The Federal Reserve’s (Fed) March meeting marked a return to the traditional tool of interest rates after relying on balance sheet policies throughout the pandemic. To rein in inflation, the Fed raised rates by 25-basis points after forecasting only six months earlier that it would keep rates at zero until 2023. At the same time, the Fed ended its asset purchases early to make way for the rate hikes. The asset purchases, known as quantitative easing (QE), helped prop-up financial markets and the economy since the economic crash in March 2020.
At last week’s Fed meeting, the first 50-basis points rate hike in 22 years showed that the Fed means business in its fight against inflation. However, the Fed also decided to reactivate its balance sheet-based tool. Starting on June 1, the Fed will begin to reduce the size of its balance sheet, i.e., conduct quantitative tightening (QT), to amplify the contractionary impact of higher interest rates. This piece explains how QT works, discusses its goals, and outlines potential risks of the policy.
The Atlantic Council’s Global QE Tracker shows that the Fed more than doubled the size of its balance sheet through asset purchases in response to the economic recession caused by COVID-19. Now the Fed is switching roles from a buyer to a seller of treasury bonds and mortgage-backed-securities (MBS). If QE is supposed to “lower borrowing costs, boost spending, support economic growth, and ultimately increase inflation,” QT aims to achieve the opposite. By shrinking its balance sheet, the Fed drains liquidity from the financial system and increases borrowing rates for long-dated assets to weaken inflation. Rather than selling assets outright, the Fed will initially conduct passive sales by not replacing maturing securities. Beginning on June 1, the Fed will let a maximum of $47.5 billion treasury bonds and MBS mature per month. By September, this cap will rise to $95 billion per month. At this rate, the Fed could reduce its balance sheet by roughly $1 trillion—or 11%—over the course of a year. This would be a significantly quicker pace than the Fed’s first attempt at QT between 2017 and 2019, when it shrunk its balance sheet by a maximum of $50 billion per month.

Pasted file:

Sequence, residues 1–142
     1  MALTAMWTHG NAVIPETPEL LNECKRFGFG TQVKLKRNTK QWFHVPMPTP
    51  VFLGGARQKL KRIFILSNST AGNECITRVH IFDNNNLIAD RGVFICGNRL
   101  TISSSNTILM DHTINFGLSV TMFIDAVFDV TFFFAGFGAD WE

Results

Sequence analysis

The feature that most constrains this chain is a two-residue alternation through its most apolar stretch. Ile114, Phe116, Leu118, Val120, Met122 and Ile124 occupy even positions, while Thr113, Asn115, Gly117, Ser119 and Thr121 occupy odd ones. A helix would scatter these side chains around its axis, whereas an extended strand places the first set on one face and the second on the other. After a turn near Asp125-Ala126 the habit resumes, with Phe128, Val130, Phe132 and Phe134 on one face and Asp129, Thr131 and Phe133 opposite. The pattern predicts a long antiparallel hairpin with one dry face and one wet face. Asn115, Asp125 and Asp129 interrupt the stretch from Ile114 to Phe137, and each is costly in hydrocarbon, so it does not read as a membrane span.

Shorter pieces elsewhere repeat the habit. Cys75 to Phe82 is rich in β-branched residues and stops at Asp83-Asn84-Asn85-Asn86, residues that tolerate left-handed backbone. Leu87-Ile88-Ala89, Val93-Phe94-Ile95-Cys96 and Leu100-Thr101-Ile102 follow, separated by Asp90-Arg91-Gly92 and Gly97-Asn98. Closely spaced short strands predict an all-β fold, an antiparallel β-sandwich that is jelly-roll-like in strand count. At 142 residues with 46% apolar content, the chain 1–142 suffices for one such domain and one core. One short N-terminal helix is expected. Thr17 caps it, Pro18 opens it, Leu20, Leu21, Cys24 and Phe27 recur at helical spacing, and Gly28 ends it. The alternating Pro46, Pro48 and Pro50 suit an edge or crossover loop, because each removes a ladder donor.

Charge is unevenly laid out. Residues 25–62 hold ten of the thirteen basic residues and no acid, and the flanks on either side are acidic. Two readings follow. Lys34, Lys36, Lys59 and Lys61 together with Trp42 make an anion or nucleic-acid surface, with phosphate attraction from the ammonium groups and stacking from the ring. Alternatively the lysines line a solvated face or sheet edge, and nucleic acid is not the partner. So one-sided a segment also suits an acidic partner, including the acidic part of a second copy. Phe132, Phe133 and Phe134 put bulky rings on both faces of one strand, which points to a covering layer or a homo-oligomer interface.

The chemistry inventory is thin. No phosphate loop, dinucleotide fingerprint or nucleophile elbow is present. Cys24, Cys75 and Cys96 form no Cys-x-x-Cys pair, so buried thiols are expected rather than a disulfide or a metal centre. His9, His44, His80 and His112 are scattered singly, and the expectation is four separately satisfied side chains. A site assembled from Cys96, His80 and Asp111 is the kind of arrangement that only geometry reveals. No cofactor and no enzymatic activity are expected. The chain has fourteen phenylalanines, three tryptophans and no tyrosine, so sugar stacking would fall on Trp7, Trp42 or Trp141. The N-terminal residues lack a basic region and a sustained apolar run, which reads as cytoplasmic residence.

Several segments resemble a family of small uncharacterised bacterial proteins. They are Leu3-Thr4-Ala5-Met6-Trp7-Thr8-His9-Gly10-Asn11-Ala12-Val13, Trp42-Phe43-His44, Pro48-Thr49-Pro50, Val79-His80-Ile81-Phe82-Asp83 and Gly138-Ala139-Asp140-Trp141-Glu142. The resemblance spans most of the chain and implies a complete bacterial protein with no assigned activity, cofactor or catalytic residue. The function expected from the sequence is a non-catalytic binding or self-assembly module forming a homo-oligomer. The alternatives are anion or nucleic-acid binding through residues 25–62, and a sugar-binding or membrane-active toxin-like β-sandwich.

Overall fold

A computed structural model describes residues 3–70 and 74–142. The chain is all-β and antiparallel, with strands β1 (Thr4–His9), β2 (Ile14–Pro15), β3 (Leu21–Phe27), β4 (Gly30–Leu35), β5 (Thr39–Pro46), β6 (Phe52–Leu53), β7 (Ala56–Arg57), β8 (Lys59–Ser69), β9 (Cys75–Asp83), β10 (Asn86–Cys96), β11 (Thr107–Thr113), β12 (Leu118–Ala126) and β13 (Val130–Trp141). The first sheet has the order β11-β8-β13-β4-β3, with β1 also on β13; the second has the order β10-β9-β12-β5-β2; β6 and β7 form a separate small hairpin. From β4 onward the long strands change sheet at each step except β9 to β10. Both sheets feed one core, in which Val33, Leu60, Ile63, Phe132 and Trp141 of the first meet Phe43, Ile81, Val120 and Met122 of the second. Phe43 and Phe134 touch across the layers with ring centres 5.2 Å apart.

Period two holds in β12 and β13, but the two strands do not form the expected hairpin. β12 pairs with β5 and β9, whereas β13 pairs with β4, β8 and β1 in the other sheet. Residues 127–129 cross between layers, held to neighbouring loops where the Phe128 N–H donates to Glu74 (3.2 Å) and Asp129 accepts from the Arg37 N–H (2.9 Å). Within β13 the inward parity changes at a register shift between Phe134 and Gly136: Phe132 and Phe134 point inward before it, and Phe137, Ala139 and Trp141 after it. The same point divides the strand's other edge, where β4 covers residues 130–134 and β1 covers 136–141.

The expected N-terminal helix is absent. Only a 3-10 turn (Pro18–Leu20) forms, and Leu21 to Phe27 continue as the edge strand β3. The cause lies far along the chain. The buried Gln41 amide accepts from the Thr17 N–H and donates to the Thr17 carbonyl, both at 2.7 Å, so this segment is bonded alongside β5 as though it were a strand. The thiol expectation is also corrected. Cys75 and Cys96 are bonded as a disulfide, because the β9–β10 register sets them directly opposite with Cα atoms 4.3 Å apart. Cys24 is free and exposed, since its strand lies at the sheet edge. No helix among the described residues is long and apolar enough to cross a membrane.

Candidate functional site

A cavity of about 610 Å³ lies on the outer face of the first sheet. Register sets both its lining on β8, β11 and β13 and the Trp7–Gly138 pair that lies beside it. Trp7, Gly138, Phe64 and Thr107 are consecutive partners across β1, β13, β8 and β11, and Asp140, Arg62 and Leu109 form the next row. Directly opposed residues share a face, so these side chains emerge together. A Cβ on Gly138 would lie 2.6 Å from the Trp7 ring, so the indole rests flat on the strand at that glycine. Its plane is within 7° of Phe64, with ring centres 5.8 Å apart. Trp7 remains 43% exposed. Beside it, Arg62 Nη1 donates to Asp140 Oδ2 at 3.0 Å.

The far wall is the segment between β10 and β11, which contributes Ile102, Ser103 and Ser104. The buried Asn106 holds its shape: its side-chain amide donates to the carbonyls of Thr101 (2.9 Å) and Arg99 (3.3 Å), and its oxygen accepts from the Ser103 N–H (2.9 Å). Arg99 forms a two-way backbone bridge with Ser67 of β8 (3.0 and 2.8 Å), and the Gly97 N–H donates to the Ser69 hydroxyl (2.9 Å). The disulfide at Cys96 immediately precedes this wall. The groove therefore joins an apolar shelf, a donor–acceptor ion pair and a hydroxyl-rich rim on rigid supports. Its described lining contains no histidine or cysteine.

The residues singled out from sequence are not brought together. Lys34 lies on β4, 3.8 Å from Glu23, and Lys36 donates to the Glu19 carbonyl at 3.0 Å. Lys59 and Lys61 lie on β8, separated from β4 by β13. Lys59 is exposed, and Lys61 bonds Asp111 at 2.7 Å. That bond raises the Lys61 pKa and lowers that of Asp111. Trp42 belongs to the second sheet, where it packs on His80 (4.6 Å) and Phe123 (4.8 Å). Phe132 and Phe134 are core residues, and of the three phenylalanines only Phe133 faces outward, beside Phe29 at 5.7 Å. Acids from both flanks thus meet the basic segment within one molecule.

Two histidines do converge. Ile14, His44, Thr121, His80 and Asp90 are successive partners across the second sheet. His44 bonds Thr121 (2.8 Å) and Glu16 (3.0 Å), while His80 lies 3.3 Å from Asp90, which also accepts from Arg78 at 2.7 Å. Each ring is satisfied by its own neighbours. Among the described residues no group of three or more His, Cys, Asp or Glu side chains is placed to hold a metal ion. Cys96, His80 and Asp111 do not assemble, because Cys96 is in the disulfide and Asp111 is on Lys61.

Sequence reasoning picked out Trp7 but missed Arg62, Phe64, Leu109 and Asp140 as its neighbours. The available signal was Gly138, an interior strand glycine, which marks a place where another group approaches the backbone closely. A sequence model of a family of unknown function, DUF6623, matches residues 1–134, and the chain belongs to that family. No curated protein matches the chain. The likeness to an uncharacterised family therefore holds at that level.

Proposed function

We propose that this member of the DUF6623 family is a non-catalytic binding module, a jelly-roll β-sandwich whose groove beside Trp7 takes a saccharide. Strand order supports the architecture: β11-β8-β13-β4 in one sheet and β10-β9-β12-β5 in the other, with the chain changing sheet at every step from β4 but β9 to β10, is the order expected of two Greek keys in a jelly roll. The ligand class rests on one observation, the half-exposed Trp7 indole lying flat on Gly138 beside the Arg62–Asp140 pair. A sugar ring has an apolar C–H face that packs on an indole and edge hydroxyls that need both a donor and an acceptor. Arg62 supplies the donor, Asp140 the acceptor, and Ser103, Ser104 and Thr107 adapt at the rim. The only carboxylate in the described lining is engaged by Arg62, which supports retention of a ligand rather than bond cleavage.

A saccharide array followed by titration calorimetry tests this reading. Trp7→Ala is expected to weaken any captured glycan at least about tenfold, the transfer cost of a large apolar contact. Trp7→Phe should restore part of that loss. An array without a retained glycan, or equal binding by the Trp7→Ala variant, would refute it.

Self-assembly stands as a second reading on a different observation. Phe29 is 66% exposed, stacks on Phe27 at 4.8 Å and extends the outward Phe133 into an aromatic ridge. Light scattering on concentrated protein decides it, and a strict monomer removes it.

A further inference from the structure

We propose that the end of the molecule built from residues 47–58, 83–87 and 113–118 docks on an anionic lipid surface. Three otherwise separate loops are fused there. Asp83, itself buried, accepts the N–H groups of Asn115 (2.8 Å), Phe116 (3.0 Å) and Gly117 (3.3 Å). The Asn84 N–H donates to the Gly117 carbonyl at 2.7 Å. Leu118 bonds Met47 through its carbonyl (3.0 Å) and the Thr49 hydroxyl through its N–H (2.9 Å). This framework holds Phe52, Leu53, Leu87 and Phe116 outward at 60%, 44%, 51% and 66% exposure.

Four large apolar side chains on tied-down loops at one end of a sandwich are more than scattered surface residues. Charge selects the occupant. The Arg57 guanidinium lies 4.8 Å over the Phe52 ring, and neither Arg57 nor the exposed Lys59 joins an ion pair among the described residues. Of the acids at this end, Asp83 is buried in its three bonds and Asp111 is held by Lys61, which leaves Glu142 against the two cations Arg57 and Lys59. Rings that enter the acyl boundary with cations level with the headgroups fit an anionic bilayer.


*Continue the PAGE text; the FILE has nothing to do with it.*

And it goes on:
The Fed’s faster QT schedule this time around is a function of its much bigger balance sheet ($9trn vs $4.5 trn) and considerably higher inflation (8.5% vs. 2.75% total CPI) in 2022 compared to 2017. While the Fed was the first central bank to ever introduce QT in 2017, it is now following the lead of the Bank of England (BoE) and Bank of Canada. Both put in place QT programs earlier this spring. Together, major central banks might withdraw up to $2 trillion in liquidity from the global economy over the next year. This would amount to roughly 20% of the combined asset purchases the world’s four largest central banks (Fed, European Central Bank, Bank of Japan, and BoE) have undertaken since the beginning of 2020. If the Fed keeps up the current QT pace until end of 2024, as some market participants expect, it will reduce its balance sheet from currently 37% of GDP to approximately 20%.
QE is supposed to provide additional support to the economy once interest rates reach zero. In contrast, the Fed and other central banks are implementing QT alongside interest rate hikes to achieve further monetary tightening than would be possible by only increasing rates. It remains unclear by how much QT might amplify the impact of rate hikes to contribute to tighter financial conditions. Market analysts estimate the impact could range from 25 to 125 basis points (1.25%). Should the Fed’s QT significantly increase yields of longer-term securities, interest rates might have to rise less than forecasted in the graph above. This would establish QT as an effective complement to raising interest rates as part of central banks’ toolkit to fight inflation.
QT does, however, create potential risks for financial stability both domestically and internationally. The Fed had to end its first QT program in September 2019 after the declining size of its balance sheet contributed to a crisis in overnight lending markets. To avoid a similar outcome, the Fed has put in place an overnight-lending facility to ensure banks have sufficient access to cash.
The uncertain impact of QT also poses a risk for central banks that oversee less stable financial systems. While the Fed and BoE are starting their QT programs, the European Central Bank (ECB) is continuing its asset purchases. Concerns about economically weaker euro area countries, such as Italy and Greece, being vulnerable to increasing sovereign bond yields, are part of the reason why the ECB still conducts QE rather than QT. At the same time, rising interest rates combined with the unprecedented size of QT in advanced economies is likely to pull capital out of emerging markets and increase the risks of sovereign defaults and financial crisis contagion.
The Federal Open Market Committee’s (FOMC) incorrect assessment that inflation would be transitory forced the Fed to make an abrupt course correction at its March meeting. Fed Chair Jay Powell now has the exceedingly difficult task of taming inflation without driving the US economy into a recession. If QT is effective in amplifying the contractionary impact of interest rate increases, it might prove to be a helpful tool to engineer a softer landing for the US economy.
Ole Moehr is a contributor and consultant with the Atlantic Council’s GeoEconomics Center.